Don’t be a Stranger.

There’s a double meaning in the blog title, Don’t be a Stranger.  First, and probably most obvious to you, the reader, is that we’ve been a stranger to you! If you subscribe to the blog, you haven’t heard from us lately (well, in over 3 months to be exact). But the same isn’t true about our social media, so follow us there if you haven’t already – Facebook, Instagram. Yes, just over 3 months have gone by since my fingers hit the keyboard to bring homestead blog updates to you. Why? Well, the homestead. There have been so many new updates including:

  • Winterizing….and more winterizing.
  • We have new animal residents – pigs!
  • Chicken egg laying drama.
  • Amazing total solar eclipse road trip vacation.
  • We have a new human resident.
  • Socializing.
  • Gardening.
  • The Harvest. 
  • Putting food by.
  • Homeschooling.
  • Continuing education to become a Certified First Responder.
  • ….and on, and on, and on.

I have plenty to blog about! Maybe a bit more time will be available now that the weather is changing and there is less to manage outside.

So, onto the second meaning in the blog title, Don’t be a Stranger.  In June, 2017, we moved from our home of 12 years to our new “neighborhood”, 250 miles away. Although we’ve owned our homestead property for 8 years, the only time we spent here was pretty much at work and we met very few people. Referring to our new homestead location as a “neighborhood” is perhaps a bit of a stretch of what most people imagine a neighborhood to be. Our closest full-time neighbor is 1 mile down the road. And we are at a dead end off of a dead end road, so we do not exactly have any thru traffic going by. It’s what many people would describe as isolating, but we see as quiet, peaceful, and perfect.

Since June, we’ve met many full-time and seasonal neighbors. Not only have we met these neighbors, but developed work shares (more on this in future post), bartered goods and services, been given help, knowledge and goods expecting nothing in return, and most feel good….grew new friendships – the, “it’s Friday, c’mon over for dinner and a movie” kind of friendships.

Maybe this sounds like your community, but it doesn’t precisely describe where we came from. Our last community was very friendly, but the interconnectedness (is that a real word?) never seemed to exist. My theory? Here on the Upper Peninsula of Michigan when your closest neighbor is 1 mile away and there are only a handful of neighbors beyond them, we truly will be better off knowing each other because there may be times we need each other. The closest grocery store, gas station, car repair, or health clinic is 25 minutes away…on a clear weather day. We feel like we’re part of a “we’ve got your back” sort of community.

While we love our homestead being at the dead end of a dead end road, we also still need human interaction (yes, as an introvert I am admitting that even I need human interaction). And while many of us out here are here for the peace, quiet, and tranquility, we still need each other’s company as well.  How lucky we have been to fall into the company of  wonderful people who provide great conversation and natural companionship.

When we purchased our land, and then later made the transition to full-time living on our homestead, we didn’t really put much thought into what “community” would look like here. Fortunately for us, it was just what we needed.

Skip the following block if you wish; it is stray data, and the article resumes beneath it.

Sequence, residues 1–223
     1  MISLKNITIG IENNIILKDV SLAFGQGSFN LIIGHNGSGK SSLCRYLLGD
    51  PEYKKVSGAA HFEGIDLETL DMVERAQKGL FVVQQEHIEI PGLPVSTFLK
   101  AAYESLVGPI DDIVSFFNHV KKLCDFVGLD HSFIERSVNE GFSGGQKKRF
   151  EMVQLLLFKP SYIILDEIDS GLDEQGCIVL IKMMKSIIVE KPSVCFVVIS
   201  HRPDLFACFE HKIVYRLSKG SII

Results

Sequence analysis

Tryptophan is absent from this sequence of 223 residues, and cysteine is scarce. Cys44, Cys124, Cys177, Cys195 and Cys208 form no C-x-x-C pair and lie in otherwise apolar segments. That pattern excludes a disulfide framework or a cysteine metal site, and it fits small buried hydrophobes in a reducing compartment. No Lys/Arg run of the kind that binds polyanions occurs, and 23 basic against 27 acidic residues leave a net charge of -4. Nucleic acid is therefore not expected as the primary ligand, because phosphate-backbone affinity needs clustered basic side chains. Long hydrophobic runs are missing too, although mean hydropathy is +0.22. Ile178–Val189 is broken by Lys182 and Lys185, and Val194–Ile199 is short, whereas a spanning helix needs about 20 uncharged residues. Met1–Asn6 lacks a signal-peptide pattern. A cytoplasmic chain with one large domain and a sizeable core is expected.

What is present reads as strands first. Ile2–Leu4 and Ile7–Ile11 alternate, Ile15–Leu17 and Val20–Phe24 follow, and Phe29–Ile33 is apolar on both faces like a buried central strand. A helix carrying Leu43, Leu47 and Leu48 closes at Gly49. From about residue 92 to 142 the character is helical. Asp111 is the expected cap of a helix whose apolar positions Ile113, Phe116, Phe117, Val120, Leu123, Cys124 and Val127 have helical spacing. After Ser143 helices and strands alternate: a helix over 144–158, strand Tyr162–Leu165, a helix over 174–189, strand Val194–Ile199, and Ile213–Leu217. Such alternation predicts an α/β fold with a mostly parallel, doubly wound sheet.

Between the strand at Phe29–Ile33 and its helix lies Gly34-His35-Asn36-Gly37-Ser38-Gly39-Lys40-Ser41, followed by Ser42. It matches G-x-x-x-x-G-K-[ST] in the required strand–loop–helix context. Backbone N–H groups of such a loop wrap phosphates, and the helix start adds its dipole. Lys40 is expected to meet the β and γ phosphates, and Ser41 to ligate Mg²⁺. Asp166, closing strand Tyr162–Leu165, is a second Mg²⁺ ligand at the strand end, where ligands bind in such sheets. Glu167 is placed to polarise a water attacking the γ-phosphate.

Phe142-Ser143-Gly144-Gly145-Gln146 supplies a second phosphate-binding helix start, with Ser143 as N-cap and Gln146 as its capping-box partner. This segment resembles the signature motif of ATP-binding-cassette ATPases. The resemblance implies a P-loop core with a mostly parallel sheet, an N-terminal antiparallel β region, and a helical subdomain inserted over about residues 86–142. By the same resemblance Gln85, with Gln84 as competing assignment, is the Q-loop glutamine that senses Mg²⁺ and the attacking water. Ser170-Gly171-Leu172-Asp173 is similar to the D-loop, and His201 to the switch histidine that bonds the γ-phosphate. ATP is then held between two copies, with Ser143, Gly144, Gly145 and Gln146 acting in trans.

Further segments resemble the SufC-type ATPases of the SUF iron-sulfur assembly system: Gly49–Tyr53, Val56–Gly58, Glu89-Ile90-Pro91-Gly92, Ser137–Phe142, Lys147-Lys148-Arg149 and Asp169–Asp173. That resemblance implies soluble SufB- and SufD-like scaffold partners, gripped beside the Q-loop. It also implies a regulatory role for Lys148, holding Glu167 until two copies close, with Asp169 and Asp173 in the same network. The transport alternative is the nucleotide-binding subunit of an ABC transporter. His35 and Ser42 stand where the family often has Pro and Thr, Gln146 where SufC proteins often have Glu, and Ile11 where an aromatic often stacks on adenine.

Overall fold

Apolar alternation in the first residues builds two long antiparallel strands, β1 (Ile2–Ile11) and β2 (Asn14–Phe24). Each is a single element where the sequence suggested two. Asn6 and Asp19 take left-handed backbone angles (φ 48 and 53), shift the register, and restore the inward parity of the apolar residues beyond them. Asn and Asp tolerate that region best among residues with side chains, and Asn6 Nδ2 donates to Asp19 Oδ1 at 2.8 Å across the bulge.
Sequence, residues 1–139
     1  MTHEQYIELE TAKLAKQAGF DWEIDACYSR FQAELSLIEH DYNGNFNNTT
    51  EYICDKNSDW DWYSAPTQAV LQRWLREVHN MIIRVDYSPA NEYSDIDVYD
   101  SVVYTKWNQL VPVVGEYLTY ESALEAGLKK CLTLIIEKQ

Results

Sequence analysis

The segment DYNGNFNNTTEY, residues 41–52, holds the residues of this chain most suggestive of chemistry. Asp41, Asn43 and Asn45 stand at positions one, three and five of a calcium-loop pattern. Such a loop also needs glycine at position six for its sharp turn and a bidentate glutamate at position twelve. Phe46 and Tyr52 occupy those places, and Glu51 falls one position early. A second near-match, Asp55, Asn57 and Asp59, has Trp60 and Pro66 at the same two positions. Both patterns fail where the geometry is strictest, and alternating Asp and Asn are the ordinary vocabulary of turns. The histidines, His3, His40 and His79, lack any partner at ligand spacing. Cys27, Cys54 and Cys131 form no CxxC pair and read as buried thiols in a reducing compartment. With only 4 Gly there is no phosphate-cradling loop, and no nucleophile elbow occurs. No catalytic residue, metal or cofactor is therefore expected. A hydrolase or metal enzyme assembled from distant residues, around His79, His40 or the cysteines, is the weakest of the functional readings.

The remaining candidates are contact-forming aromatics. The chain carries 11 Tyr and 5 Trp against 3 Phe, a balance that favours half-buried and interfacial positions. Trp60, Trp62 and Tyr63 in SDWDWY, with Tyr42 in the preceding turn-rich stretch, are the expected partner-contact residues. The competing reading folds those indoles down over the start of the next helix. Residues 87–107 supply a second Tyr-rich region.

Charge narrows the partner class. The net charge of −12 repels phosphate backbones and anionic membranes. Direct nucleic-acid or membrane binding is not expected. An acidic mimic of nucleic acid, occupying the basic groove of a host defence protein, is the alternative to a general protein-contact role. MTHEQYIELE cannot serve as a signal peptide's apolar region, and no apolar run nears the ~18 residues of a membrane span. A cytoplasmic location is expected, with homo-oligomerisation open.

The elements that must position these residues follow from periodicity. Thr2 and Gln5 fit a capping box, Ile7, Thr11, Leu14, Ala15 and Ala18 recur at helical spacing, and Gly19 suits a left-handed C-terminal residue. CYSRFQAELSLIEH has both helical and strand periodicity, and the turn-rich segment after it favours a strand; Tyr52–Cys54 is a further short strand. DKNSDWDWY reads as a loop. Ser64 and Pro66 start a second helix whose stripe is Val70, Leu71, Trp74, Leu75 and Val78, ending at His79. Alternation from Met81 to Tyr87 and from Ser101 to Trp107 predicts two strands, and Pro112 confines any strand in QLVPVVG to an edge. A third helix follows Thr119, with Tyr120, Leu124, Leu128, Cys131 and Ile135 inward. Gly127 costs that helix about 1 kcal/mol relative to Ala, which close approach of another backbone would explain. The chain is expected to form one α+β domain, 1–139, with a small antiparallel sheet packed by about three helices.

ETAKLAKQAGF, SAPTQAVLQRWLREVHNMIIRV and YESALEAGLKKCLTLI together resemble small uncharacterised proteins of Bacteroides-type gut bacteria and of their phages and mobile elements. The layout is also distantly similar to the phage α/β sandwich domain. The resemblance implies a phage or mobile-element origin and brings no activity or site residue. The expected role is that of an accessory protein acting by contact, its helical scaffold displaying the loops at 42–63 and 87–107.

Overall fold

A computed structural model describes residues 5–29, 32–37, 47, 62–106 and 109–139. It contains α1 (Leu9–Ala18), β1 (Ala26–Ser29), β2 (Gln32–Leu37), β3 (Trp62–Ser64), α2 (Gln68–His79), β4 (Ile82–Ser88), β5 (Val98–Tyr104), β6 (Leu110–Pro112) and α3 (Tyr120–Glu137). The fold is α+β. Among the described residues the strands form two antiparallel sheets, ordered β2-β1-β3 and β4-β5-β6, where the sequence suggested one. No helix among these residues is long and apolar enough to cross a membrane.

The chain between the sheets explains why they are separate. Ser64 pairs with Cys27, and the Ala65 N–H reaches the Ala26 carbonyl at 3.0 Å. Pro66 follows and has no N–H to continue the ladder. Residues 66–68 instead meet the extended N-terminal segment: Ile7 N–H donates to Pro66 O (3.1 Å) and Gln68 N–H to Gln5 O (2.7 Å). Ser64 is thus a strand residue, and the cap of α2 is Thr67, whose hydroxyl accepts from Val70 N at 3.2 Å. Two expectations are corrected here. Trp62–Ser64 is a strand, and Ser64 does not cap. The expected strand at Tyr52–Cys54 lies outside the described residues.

Wishing you Love, Peace, and Nature

-Lisa

A Howling Good Time at CopperDog 150

CopperDog 150 has been annual tradition for our family. We always have a great time and this year was full of new memories.  Because our yurt is shut down for winter (no running water, no heat, and questionable access), we stayed in Calumet at a great little Airbnb apartment that was perfectly situated directly above the CopperDog start and finish line. What’s great about that was we watched portions of the race from inside since the temperatures were very cold on Friday night during the start. The apartment made it a lot more enjoyable, especially for  Woodland, who is 2 years old.

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Flora watching the race comfortably from inside! (Photo Credit: Corinna Greenwood)

 

On Saturday we spent a portion of our day visiting White Sky Woods. The yurt was nestled sweetly in the snow. We hiked around looking for animal tracks in the snow.  Officially, there are many deer and squirrel track, but we didn’t see any wolf, coyote or other critter trackers.  Tim also left some tracks…our place is so full of love.

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Winter yurt love.

Sunday, the finish of the CooperDog 150 was taking place. The kids were eager to see the dogs again, and especially Flora who signed up to volunteer with Tim as an “Official Bag Checker”.  A friend of ours invited us to help out, and we are so glad she did. This volunteer role allowed Flora to get a behind-the-scenes look at the finish line.  What the mushers do with their dogs, how the dogs get fed, what a vet-check looks like, etc. It was a busy few hours. Flora and Tim did a great job and Flora has already said she wants to do it again next year!

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Official Bag Check!

While they did the bag check, Woodland and I had a great time cheering on the race finishers, including this racer, an 11-year old girl. So cool!

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Young CopperDog musher and “bagged” dog.  Photo Credit: Corinna Greenwood

We love what this event is for the community and awareness it brings to this lesser know sport.  We’re looking forward to being able to get more involved in CopperDog 150 2018 since we’ll be moved and not have to be concerned with long travel or finding a place to stay. What great new memories it is sure to bring!